This is a Phi Beta Kappa Visiting Scholars Lecture.
There is an ecology of interacting laws, regulations and institutions that are intended to support innovation - a traditional strength of the U.S. Unfortunately, the current elements of that ecology were designed a long time ago for the technologies that existed at that time and are not well suited to the technologies of today and tomorrow. This talk explores the nature of the problem and some possible solutions.
William Wulf is a University Professor and the AT&T Professor of Engineering in computer science at Virginia. From 1996 to 2007, he was on leave from the university to serve as president of the National Academy of Engineering (NAE), and during 1988-90 he was an assistant director of the National Science Foundation, where he led its efforts in computer and information science and engineering. Prior to these positions, he was on the faculty at Carnegie Mellon University and founder and CEO of Tartan Laboratories, a computer software company. His research focused on computer architecture and computer security as well as on programming languages and optimizing compilers. In recent years he also has been deeply involved in public policy issues and in facilitating the use of information technology to support humanistic scholarship.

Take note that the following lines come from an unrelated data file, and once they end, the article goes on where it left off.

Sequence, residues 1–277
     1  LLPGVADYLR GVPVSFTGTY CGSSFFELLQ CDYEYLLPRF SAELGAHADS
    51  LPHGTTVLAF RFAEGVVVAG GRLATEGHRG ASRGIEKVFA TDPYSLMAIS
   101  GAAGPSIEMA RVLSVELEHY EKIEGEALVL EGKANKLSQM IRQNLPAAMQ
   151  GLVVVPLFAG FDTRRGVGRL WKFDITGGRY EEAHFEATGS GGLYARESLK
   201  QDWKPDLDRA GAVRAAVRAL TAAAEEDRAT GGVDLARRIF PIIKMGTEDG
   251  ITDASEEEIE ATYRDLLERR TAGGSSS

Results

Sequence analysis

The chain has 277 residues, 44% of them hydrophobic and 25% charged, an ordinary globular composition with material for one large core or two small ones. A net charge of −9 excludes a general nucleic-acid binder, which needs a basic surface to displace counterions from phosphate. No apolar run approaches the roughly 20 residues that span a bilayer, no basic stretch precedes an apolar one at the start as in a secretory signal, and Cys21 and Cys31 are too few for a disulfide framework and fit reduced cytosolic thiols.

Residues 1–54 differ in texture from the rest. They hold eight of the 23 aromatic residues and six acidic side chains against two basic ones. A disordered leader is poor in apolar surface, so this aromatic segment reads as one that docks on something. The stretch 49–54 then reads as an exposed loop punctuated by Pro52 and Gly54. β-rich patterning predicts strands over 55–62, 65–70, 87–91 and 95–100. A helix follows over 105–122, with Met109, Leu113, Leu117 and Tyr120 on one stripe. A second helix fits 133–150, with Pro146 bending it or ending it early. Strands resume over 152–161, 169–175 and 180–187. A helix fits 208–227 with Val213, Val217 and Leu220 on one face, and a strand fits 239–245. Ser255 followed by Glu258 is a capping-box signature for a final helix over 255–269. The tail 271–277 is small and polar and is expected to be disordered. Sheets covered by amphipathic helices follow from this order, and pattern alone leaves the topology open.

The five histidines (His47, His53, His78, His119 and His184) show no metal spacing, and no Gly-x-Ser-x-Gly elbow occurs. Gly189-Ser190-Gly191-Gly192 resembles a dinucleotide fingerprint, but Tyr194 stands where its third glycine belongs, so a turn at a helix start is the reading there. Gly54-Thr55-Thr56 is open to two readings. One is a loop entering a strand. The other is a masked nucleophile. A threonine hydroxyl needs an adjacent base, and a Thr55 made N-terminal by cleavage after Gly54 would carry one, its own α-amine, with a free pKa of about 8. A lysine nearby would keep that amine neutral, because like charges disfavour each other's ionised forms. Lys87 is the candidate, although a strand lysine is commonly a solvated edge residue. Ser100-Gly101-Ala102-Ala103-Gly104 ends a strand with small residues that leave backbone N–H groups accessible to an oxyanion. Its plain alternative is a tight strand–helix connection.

Note the unusual time and place.